Are you considering studying nursing and wondering if calculus is a requirement? It cannot be obvious to sort through all the program requirements and prerequisites information. If you’ve been searching for an answer to, ‘Do I need Calculus for Nursing School?’ – you are in the right place! In this blog post, we will explore exactly what is required for most nursing school programs so that you can make sure your academic path is set up correctly.
Whether it’s undergraduate or graduate studies, understanding what math courses are needed (or not) before enrolling in a program could save lots of time and money. Let’s jump into some important points so you can start making informed decisions about your future in nursing.
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Do You Need Calculus for Nursing or Med School?
For many students interested in pursuing a career in nursing & medical, the question of whether or not calculus is necessary may come to mind. While it is true that higher-level math courses, including calculus, are typically required for science-based majors such as engineering or physics, the same is not necessarily valid for nursing. While math skills are undoubtedly necessary for nursing, they typically pertain more to introductory algebra and statistics rather than calculus.
Additionally, those seeking to become a nurse through a Bachelor of Science in Nursing (BSN) program may be required to take additional math courses. Still, calculus is typically not one of them. Ultimately, the decision to take calculus as a precursor to nursing school should be made based on individual desires and career goals.
What Type of Math is Used in Nursing?
Nursing in the professional world necessitates basic math abilities; yet, almost all nurse training programs mandate taking at least one college-level algebra class. Some nursing colleges may even require a fundamental statistics course; thus, double-check if the universities you are applying to have this requirement.
What If I Don’t Like Math As a Nurse?
If you are among the many nurses who don’t know math, rest assured that it isn’t too tricky in nursing. Countless other nurses did not particularly enjoy math or excel at it and still achieved success in their nursing school programs. Not to mention, many of them went on to become exemplary nurses!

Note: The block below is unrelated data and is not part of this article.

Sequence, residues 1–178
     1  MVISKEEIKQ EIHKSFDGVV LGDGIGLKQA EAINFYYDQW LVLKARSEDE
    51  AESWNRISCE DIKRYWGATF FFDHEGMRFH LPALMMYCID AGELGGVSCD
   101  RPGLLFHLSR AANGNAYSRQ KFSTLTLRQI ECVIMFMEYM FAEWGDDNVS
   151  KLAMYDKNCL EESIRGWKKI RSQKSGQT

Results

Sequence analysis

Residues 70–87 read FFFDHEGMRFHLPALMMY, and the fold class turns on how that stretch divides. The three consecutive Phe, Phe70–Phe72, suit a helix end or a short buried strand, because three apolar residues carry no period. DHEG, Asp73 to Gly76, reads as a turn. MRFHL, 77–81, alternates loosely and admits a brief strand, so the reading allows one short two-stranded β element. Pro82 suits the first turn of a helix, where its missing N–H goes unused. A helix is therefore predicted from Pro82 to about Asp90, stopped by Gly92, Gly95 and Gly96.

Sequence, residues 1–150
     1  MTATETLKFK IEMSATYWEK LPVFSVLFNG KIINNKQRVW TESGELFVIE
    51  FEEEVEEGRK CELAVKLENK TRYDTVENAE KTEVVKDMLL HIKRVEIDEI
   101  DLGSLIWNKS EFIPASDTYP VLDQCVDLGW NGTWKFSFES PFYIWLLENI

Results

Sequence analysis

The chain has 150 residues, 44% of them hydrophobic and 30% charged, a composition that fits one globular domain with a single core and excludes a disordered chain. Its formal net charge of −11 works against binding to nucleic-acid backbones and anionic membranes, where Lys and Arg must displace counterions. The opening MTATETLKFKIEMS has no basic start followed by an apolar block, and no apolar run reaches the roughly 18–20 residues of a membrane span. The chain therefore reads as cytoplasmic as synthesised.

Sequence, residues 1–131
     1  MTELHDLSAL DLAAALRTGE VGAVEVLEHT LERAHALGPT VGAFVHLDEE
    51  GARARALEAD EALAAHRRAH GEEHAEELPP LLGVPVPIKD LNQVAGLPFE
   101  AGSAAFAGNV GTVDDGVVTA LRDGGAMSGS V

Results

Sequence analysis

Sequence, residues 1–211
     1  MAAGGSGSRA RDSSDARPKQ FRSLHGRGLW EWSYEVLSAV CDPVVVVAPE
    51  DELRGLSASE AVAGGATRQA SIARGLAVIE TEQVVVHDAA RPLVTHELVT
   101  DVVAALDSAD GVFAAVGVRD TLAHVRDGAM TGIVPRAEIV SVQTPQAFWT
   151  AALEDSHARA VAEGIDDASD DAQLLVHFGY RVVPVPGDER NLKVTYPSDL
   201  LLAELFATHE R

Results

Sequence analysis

For further information, please see the article “Do You Have to Be Good in Math to be a Nurse?” I wrote about this topic. Reading it will provide you with more insight and help answer your questions.
Is Calculus Required for Nursing?
Calculus, the study of limits, derivatives, and integrals, is typically not required for nursing programs. Bachelor of Science in Nursing (BSN) programs need students to complete various math and science courses, but they usually do not include calculus. The BSN meaning refers to a degree program designed to prepare individuals for a career in nursing with a focus on leadership and management skills. While calculus may not be required for nursing, a solid foundation in math and science is essential for success in the field. Students must understand topics such as pharmacology, anatomy, and physiology, which require a firm grasp of foundational math and science concepts.
Common Pre-Req for Nursing Course
Many nursing programs require applicants to complete specific pre-requisite courses before being admitted. Commonly required courses include Anatomy and Physiology, Microbiology, Chemistry, Nutrition, and Mathematics (usually Algebra or Statistics). Many programs may also need a grade point average of 2.5 or higher to be accepted. Some programs may also require applicants to have taken a course in English composition or psychology. You must check with your chosen program for more information about the specific prerequisites needed for admission.
If you are considering enrolling in a nursing school program and are wondering if calculus is required, the answer is no. Math skills are essential for nurses, but they typically focus more on introductory algebra and statistics than calculus. While some nursing colleges may require additional math courses, they will not include calculus. However, it is still a good idea to double-check with your chosen program before enrolling to ensure you are aware of all the math requirements needed for admission. Good luck on your journey to becoming a nurse.
Mrs. Marie Brown has been a registered nurse for over 25 years. She began her nursing career at a Level I Trauma Center in downtown Chicago, Illinois. There she worked in the Emergency Department and on the Surgical Intensive Care Unit. After several years, she moved to the Midwest and continued her nursing career in a critical care setting. For the last 10 years of her nursing career, Mrs. Brown worked as a flight nurse with an air ambulance service. During this time, she cared for patients throughout the United States.